“Now racing…  if skiing is the wide angle lens, then racing is absolute narrow focus. The level of preparation and precision is so much sharper to compete.  You have to be able to turn where the gate is – it’s all strategy, tactics, skills.  A lot of people can look pretty going down a wide open run — but can you ski on a course?  I love going fast and it gives me an excuse to do it.  When you ski fast recreationally, not only do you leave your friends behind but you can get your lift ticket revoked.

“Competing keeps me in an aspirational mindset. It pushes me to work out more. I watch a lot of pro world cup racing videos – I’m always thinking about ways I can improve, work on my technique, form. Women seem to be more coy about being competitive – like, we’re secretly paying attention to how we did.  It’s not as socially acceptable to really care if you win.”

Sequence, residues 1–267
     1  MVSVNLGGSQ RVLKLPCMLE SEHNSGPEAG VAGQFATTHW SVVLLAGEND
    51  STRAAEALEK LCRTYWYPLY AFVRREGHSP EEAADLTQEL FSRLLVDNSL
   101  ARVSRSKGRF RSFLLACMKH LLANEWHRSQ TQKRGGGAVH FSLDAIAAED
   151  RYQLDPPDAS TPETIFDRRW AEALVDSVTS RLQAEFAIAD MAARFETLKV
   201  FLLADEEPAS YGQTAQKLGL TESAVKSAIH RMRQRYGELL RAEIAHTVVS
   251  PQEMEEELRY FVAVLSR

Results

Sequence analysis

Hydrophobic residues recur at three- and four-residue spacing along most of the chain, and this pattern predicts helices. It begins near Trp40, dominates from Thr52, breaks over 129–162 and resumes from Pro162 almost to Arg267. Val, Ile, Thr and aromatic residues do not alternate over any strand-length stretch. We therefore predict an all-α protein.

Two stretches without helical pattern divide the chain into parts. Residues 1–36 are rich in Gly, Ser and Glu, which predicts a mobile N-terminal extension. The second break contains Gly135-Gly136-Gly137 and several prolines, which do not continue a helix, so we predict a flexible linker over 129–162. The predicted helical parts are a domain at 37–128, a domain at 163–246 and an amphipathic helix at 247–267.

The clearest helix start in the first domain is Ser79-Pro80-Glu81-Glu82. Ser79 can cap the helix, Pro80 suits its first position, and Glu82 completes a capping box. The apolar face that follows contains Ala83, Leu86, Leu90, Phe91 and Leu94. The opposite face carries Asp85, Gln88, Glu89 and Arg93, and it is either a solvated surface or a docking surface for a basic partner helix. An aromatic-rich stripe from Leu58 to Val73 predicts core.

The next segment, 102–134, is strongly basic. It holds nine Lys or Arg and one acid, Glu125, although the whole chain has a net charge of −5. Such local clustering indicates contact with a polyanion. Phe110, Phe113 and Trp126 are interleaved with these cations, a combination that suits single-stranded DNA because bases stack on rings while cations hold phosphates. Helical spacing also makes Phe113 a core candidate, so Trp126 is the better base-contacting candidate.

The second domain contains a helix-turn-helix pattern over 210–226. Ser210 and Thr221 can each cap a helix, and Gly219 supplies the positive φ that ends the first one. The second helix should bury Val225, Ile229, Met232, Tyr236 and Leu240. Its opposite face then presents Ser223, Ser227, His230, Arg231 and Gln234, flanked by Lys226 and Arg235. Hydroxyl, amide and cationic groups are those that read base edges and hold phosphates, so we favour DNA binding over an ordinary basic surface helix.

Now, I’m pretty adventurous with my physicality, but the idea of a vertical ice rink scares the crap out of me. Skiing, for me, is one of those things I don’t do because I’m afraid I’ll hurt myself and not be able to do the things I love, like cycling. I’ve been trying to understand how P handles that fear, especially after she had a concussion from a fall at the end of the season last year.

“For the championship, I really had to negotiate a whole new level of fear — it was a steeper course than I’d ever raced on. It’s water injected, and one that the US development teams use, so it’s meant to be icy so the course holds up and it’s very fast. It’s basically an ice rink.

“I’d never raced a black diamond in Colorado.  The night before, I couldn’t sleep. I was thinking, I have no business doing this, I could be seriously hurt, have I deluded myself into a really stupid idea – if I really hurt myself, people would be kind but they wouldn’t have a lot of sympathy. It’s not like I’d be hurting myself feeding the poor in Afghanistan – I’d be hurting myself doing something of my own volition that was stupid for a middle aged lady to do – there’d be some sorrow but not really sympathy.”  She laughed.